Thermochemical sulfate reduction and fluid evolution of the Lower Triassic Feixianguan Formation sour gas reservoirs, northeast Sichuan Basin, China

Lei Jiang, Richard H. Worden, Chun Fang Cai
2014 American Association of Petroleum Geologists Bulletin  
The dolomite-hosted, Lower Triassic Feixianguan Formation from the northeast Sichuan Basin, China, is an economically important reservoir that contains sour natural gas. These reservoirs were initially filled with oil, later replaced by gas during burial to 7000 m (22,965 ft) followed by uplift to about 4000 m (13,123 ft). We have studied the souring process (thermochemical sulfate reduction [TSR]) and diagenetic evolution of the Feixianguan Formation using detailed petrology, fluid-inclusion
more » ... udies, and stable-isotope data from carbonate minerals. Pre-TSR diagenesis included (in time order) the eodiagenetic main stage of dolomitization by a reflux mechanism; fracture-related calcite cementation; barite, quartz, celestite, and fluorite mineralization; and a dolomite recrystallization stage. Thermochemical sulfate reduction resulted in anhydrite replacement by calcite, petroleum destruction, formation of sulfur-rich pyrobitumen and elemental sulfur, and generation of large volumes of H 2 S and CO 2 . Diagenesis during TSR can be subdivided into oil-stage TSR and gas-stage TSR, with oil-stage TSR defined by the presence of primary oil and bitumen inclusions in the TSR calcite. Based on aqueous inclusion homogenization temperatures, oilstage TSR commenced at a temperature of 116°C, with a mode between 130°C and 140°C. Gas-stage TSR started at a temperature of 135°C and continued to maximum burial temperatures of about 220°C. Trace amounts of pyrite, barite, quartz, and celestite grew during TSR. Post-TSR diagenesis was dominated by fracture-related calcite precipitation as well as celestite and anhydrite crystallization. Formation water salinity increased from Richard Worden is a professor of petroleum geology and geochemistry at Liverpool University, United Kingdom. He gained his B. Sc. degree and his Ph.D. from Manchester University in the 1980s. Following a postdoctoral with Ian Parsons at Aberdeen and Edinburgh in Scotland, he worked for BP at their Sunbury-on-Thames site. He then took a lectureship at Queens University in Belfast followed by a move to Liverpool. His research interests include sandstone, mudstone, and carbonate petrology; diagenesis; reservoir quality; petrophysics and geochemistry; water-rock interaction; petroleum-rock interaction; thermochemical sulfate reduction; and the geology of CO 2 subsurface disposal. Chun Fang Cai is a professor at the Institute of Geology and Geophysics, Chinese AAPG Bulletin, v. 98, no. 5 (May 2014), pp. 947-973 947 depositional values (3.5 wt. %) up to 24 wt. % during pre-TSR dolomite recrystallization probably because of an influx of evaporite-associated water from the overlying Jialingjiang Formation, although pre-TSR barite, quartz, celestite, and fluorite mineralization was associated with a transient decrease in water salinity. During TSR, formation water salinity decreased from 26 wt. % to as low as 4 wt. % as a result of water being produced during TSR reactions.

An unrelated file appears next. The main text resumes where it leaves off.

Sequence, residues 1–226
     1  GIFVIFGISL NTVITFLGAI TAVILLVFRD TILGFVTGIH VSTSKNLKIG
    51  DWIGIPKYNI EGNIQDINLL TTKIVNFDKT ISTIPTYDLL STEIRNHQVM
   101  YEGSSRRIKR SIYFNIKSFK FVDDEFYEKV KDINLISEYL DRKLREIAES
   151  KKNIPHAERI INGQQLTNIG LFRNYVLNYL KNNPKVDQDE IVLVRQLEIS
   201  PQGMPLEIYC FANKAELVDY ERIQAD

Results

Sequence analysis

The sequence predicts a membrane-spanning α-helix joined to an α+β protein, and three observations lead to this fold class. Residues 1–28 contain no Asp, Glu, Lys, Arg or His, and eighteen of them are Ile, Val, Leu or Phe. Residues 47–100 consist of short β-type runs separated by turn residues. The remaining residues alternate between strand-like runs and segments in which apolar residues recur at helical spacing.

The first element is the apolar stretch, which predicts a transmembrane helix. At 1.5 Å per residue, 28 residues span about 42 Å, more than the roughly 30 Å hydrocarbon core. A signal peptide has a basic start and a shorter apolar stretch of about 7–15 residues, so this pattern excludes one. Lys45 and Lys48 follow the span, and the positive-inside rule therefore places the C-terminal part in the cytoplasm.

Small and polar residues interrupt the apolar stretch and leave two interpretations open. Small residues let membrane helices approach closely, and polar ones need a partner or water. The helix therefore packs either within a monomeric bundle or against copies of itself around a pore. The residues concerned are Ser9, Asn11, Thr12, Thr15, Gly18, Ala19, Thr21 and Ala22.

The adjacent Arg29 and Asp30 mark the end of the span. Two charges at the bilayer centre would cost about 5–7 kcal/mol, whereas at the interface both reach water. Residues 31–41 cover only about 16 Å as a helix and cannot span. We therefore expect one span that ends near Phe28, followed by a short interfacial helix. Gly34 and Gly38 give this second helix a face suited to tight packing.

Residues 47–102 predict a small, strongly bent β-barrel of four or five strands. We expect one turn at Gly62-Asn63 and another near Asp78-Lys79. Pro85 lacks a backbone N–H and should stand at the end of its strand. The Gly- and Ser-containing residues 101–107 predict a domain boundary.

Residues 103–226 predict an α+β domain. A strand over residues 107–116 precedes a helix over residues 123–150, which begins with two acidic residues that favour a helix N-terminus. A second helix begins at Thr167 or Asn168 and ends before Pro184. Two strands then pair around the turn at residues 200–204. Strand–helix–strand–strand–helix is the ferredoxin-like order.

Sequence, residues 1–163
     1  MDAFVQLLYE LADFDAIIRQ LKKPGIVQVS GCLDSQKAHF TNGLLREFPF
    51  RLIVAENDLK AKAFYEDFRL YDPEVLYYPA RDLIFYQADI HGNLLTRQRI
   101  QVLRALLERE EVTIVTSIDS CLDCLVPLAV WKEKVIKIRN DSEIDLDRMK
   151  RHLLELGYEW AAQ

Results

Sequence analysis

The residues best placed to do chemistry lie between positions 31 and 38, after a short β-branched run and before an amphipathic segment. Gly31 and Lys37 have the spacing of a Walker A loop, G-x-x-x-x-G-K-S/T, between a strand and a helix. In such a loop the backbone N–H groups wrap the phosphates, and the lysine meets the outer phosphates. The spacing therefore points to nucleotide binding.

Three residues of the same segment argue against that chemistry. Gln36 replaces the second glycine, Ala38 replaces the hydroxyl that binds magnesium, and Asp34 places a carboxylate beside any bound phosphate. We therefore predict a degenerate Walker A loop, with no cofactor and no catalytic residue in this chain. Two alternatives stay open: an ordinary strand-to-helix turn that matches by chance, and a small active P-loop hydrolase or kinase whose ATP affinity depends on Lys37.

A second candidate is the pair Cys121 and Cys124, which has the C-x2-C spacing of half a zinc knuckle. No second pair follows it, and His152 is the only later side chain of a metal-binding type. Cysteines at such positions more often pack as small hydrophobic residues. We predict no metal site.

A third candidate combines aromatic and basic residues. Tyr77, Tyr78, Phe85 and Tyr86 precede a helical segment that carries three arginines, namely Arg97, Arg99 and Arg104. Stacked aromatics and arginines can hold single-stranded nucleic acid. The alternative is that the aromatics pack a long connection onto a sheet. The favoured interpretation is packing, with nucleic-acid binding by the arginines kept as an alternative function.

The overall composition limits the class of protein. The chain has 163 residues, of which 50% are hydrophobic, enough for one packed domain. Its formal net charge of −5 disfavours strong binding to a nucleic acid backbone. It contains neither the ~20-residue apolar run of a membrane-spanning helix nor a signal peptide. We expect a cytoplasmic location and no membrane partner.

doi:10.1306/10171312220 fatcat:c6gs4cxkfrggnb3wivuw45wkke